The sale of Czech Airlines has yielded another tangible benefit for Czech Airlines and related companies as Korean Air has already moved its client call centre to Prague from the Irish capital city Dublin, a few weeks ago. Phone calls from Korean Air's European clients are handled by company CSA Services, a former Czech Airlines´ subsidiary.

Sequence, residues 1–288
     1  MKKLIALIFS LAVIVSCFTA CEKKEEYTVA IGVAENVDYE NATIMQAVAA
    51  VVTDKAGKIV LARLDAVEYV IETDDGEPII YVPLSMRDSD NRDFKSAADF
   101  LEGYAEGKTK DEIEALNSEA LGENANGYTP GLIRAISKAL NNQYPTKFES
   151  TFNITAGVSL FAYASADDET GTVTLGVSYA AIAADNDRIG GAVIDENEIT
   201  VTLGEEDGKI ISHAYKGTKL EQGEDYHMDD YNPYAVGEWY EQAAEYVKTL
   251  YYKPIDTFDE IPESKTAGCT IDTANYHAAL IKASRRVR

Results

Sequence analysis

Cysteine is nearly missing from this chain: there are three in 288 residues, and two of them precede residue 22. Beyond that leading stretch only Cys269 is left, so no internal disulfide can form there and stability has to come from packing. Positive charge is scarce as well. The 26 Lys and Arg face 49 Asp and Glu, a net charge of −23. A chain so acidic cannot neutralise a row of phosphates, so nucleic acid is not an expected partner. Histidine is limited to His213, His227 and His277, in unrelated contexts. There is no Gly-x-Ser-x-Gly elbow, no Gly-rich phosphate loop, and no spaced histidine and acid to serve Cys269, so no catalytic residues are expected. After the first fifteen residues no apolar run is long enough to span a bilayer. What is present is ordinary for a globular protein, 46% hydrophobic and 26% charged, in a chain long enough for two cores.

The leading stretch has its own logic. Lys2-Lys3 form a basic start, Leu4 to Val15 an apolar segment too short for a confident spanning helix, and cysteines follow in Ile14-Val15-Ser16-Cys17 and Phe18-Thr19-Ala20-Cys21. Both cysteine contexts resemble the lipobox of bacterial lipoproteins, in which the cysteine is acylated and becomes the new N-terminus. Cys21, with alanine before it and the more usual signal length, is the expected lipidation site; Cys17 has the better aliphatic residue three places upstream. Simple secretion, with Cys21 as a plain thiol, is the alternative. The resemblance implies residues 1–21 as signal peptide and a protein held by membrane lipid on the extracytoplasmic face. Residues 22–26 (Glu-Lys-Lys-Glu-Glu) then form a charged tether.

This recent development once more shows the intensity of Czech-Korean relations. Volume of trade doubled in last five years and reached $ 3.7 billion in 2012, with Czech imports to the Republic of Korea reaching almost $ 580 million and Korean imports to the Czech Republic reached $ 3.1 billion (according to both countries´ respective statistics). In 2009 Hyundai Motor Czech in Nošovice was officially opened with its production capacity of 300,000 cars/year, in 2010 Doosan Heavy acquired Škoda Power, leading Czech manufacturer of turbines based in Pilsen, and a few months ago, Hanwha expanded last year its production plastics capacity in North Moravia, and GS Caltex opened its very first European plant in city of Karviná. With number of Korean tourists coming to the Czech Republic reached 130,000 in 2012 and a number of Czech-Korean cultural exchanges is on a steep rise in the last years, Czech government has approved an establishment of Czech Centre in Seoul to promote Czech culture and art and bilateral cultural cooperationin, the Centre is to be opened in April, to be followed later this year with an representative office of another Czech state agency, Czech Tourism.